When narrow thinkers say that baseball is boring I counter by noting that any time you go to a game something you have never seen may break out. You never know.
I was in the building at Great American Ball Park when Cincinnati Reds reliever Aroldis Chapman did his forward-roll Olympic gymnastics move off the mound in celebration of closing out a game. Maybe that’s not being present at the writing of baseball history, but it’s also not something you see every day.
I was also in the building at Great American Ball Park this season when Reds starter Bronson Arroyo threw 7 1/3 innings of no-hit ball. I have said more than once that I have never witnessed a Major League no-hitter in person and that’s the No. 1 thing I’d like to see. I’m not greedy, so I don’t ask for a perfect game. That would be too much to wish for–except maybe this season.
You know what I’d love to see that I haven’t seen in a long time is someone stealing home plate. A small number of players in baseball history have turned the theft of home into an art form, especially Ty Cobb, Honus Wagner, Jackie Robinson and Rod Carew. Let’s just say if you see a guy steal home these days it definitely becomes the buzz on your way home.
Mostly it’s the little stuff that stands out as an oddity that I love. For that reason I had a grand time reading the Milwaukee Brewers-Chicago Cubs box score and game summary from Thursday night. Was history written? No. Will anyone besides those who sat through the event remember it on their life list of best games ever played? No. It was just one of those games that break out that features quirks.
For starters, the Brewers scored 11 runs on 17 hits, but didn’t win. You don’t see that every day. The Cubs scored 12 runs on 14 hits. Chicago won the one-run decision with three runs in the bottom of the ninth. You don’t see that every day, either. Certainly not from the Cubs, who danced around on the field as if they had just captured the World Series, not that they would know.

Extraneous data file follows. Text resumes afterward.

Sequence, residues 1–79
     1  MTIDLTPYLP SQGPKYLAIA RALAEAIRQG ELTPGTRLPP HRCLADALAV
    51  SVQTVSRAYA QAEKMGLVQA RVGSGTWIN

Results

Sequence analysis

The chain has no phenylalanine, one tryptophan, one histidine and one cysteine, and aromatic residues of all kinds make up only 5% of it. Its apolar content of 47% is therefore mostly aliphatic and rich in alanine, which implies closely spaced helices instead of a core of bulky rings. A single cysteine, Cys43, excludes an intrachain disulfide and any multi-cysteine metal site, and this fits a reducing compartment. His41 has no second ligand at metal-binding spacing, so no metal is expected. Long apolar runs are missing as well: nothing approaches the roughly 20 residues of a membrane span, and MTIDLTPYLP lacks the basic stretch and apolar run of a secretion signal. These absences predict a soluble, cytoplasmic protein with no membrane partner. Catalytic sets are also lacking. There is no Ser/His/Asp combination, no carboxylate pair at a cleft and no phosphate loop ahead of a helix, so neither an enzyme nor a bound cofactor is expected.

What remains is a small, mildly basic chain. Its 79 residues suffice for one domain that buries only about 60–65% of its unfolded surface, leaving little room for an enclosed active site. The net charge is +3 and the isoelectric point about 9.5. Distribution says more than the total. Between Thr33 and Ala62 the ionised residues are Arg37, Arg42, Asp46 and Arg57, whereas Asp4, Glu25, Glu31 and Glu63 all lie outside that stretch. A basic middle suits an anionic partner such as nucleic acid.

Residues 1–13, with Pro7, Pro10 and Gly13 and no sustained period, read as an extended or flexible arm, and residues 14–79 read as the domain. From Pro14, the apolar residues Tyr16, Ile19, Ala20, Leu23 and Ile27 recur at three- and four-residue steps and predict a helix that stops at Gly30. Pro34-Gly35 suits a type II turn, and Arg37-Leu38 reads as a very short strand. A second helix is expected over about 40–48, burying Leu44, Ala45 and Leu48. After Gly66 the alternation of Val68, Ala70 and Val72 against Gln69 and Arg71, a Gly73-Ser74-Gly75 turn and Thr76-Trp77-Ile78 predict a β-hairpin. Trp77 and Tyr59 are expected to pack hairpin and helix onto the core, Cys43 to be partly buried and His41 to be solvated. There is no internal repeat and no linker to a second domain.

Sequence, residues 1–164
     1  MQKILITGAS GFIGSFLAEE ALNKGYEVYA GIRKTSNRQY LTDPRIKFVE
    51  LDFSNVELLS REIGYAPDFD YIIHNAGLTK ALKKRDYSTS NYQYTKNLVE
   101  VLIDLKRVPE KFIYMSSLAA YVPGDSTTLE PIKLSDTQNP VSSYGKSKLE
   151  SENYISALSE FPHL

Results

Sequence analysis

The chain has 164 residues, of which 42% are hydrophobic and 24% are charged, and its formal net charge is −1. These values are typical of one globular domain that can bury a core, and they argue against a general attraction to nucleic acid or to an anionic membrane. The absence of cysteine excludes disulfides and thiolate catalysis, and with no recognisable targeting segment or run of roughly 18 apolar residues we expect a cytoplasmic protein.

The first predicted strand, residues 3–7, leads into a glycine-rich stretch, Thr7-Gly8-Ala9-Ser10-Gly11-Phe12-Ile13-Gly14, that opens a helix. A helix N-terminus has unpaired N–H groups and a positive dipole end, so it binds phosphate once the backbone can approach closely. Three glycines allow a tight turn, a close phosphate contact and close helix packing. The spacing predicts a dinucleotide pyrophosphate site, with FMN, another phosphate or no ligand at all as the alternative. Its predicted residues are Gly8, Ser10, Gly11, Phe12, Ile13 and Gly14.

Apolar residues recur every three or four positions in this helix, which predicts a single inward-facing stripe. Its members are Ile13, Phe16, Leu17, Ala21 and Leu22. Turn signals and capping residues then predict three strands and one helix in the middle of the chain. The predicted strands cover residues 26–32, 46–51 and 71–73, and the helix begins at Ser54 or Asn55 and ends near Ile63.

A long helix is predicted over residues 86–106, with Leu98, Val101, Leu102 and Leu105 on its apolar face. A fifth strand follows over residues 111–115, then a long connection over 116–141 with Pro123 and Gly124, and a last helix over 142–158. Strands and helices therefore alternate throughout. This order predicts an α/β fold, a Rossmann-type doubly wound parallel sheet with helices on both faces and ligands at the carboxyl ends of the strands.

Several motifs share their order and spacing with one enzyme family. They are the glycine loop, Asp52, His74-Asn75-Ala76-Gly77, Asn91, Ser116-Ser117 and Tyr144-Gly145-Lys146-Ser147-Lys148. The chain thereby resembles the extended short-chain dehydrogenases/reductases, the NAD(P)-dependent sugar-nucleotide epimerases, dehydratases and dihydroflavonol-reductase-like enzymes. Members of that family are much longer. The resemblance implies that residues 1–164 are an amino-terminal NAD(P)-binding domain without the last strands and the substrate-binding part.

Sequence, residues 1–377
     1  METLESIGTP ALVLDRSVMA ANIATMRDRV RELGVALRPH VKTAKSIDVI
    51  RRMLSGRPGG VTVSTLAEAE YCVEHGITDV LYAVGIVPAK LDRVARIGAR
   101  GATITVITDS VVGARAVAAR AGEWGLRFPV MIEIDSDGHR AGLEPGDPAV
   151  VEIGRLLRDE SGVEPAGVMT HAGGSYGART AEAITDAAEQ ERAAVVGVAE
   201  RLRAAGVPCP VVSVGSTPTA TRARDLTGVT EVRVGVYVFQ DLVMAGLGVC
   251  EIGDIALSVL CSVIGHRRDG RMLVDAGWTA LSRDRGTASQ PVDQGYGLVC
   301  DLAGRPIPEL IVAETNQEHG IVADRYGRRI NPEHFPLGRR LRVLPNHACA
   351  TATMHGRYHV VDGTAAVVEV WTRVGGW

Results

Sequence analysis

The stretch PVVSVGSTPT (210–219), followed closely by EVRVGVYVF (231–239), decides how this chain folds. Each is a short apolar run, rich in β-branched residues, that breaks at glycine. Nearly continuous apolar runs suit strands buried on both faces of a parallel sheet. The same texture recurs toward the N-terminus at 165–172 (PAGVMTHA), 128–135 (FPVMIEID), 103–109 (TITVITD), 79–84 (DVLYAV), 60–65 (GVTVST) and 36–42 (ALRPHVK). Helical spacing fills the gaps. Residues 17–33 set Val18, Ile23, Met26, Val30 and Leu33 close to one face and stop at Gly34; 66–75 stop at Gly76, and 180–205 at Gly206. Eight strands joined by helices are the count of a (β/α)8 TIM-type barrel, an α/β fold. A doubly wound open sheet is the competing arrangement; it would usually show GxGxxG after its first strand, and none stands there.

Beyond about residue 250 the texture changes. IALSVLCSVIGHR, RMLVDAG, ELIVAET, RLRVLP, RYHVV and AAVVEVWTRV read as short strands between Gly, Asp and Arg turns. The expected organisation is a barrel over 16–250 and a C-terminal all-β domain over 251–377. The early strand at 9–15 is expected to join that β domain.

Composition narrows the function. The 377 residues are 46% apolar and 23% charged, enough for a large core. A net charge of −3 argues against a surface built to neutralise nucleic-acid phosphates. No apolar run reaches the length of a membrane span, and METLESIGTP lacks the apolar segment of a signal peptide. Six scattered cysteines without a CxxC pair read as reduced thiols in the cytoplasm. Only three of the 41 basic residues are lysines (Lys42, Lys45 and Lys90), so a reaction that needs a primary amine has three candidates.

At least two guys on the Brewers probably had the game of their lives and they couldn’t celebrate (except inwardly, of course) because Milwaukee lost. Second baseman Rickie Weeks (who was hitting .222 after his explosion), went five-for-five. He scored four runs, too. Yet rather amazingly, despite rapping out five hits in a game where his team scored 11 runs, he had zero RBIs. You don’t see that every day.
Meanwhile, catcher Jonathan Lucroy thought it was Halloween and showed up at Wrigley Field dressed as Joe Mauer. Lucroy managed to drive in seven runs (for a total of 49 all season), with just one extra-base hit. It didn’t hurt that the extra-base hit was a grand-slam, but Lucroy’s two other hits were singles. More amazingly, Lucroy became the first catcher in Major League history (or since the sport started keeping track in 1920) to twice drive in seven runs in a game in one season.
Lucroy is batting .332, so he might yet become the next Mauer, but he has only appeared in 70 games so far in 2012. One reason for that is the broken hand he suffered in May about a week after the first 7-RBI game when a suitcase fell on it. Lucroy was searching for a sock. His wife shifted the luggage and boom! That is not your typical catcher injury. Breaking a hand by mishandling a breaking ball, maybe. Breaking a hand clunked by a foul ball, perhaps. Having your own suitcase attack you? Not so common.
With all of the highlight shows out there one would think there would have been an instant replay available of the suitcase run amok, but I can’t find one.
I’d still most like to see a no-hitter in person, but I would be impressed by any 7-RBI game I saw, too. Or any hyperactive suitcase. It’s just not something you see every day.